In the United States, healthcare and medical privacy laws seek to protect the patient’s privacy while providing flexibility for any uses of the data that could be beneficial, such as for medical research purposes.  Central to the regulation of healthcare-related privacy is the federal Health Insurance Portability and Accountability Act of 1996 (HIPAA), as updated by the Health Information Technology for Economic and Clinical Health Act of 2009 (HITECH).1  Under HIPAA, the US Department of Health and Human Services has promulgated both a Privacy Rule2 and a Security Rule.3

The HIPAA Privacy Rule governs the handling of protected health information (PHI) by covered entities, typically healthcare providers and insurers, and their service providers, referred to as business associates.  These definitions are crucial, as health information in the hands of a covered entity or business associate is regulated as PHI under HIPAA, and is therefore subject to various limitations on its use and disclosure, but that same information may not be subject to HIPAA when used by another entity that does not fall within HIPAA’s scope.4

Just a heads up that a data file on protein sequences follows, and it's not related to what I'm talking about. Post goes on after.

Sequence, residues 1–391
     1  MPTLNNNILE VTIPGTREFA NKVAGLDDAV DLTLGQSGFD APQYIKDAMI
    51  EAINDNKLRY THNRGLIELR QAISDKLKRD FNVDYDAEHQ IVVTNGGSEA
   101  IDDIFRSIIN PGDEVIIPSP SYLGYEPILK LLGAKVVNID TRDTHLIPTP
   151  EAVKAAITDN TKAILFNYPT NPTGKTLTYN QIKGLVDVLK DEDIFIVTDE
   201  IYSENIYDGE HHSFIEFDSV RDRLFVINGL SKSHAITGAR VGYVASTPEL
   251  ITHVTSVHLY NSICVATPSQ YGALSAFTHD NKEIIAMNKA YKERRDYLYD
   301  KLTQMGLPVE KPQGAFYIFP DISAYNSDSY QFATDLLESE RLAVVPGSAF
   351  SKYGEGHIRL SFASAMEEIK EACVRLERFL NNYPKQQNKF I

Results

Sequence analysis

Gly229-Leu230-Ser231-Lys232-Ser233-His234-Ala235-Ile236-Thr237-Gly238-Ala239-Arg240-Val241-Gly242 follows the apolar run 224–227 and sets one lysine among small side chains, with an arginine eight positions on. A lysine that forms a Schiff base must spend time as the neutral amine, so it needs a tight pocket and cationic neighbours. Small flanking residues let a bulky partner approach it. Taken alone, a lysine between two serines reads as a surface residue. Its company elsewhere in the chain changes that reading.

The HIPAA Security Rule applies to both covered entities and business associates, but protects only ePHI, which is defined as PHI that is created, received, maintained, or transmitted in electronic form.  Therefore, the Security Rule does not apply to PHI transmitted orally or in writing.5

HIPAA is not the only law governing health-related information in the US.  For example, if the entity handling the healthcare information is not a covered entity subject to HIPAA, it would still be subject to the FTC’s interpretations of Section 5 of the FTC Act in the context of healthcare and medical information.6  Likewise, states have their own versions of HIPAA that typically consist of HIPAA-like requirements, and three states—Illinois, Texas, and Washington—have biometric data laws that regulate the collection, storage, and use of biometric identifiers, such as retina scans, facial scans, and fingerprints.7


42 USC § 13400 et seq.

2 45 CFR §§ 160, 164(A), 164(E).

3 45 CFR §§ 160, 164(A), 164(C).

Dep’t of Health & Human Servs., Summary of the HIPAA Privacy Rule, available here (last visited Feb. 22, 2019).

5 Id.

FTC, Sharing Consumer Health Information? Look to HIPAA and the FTC Act (Oct. 2016),available here.

740 Ill. Comp. Stat. 14/1 et seq.; Tex. Bus. & Com. § 503.001; Wash. Rev. Code § 19.375.

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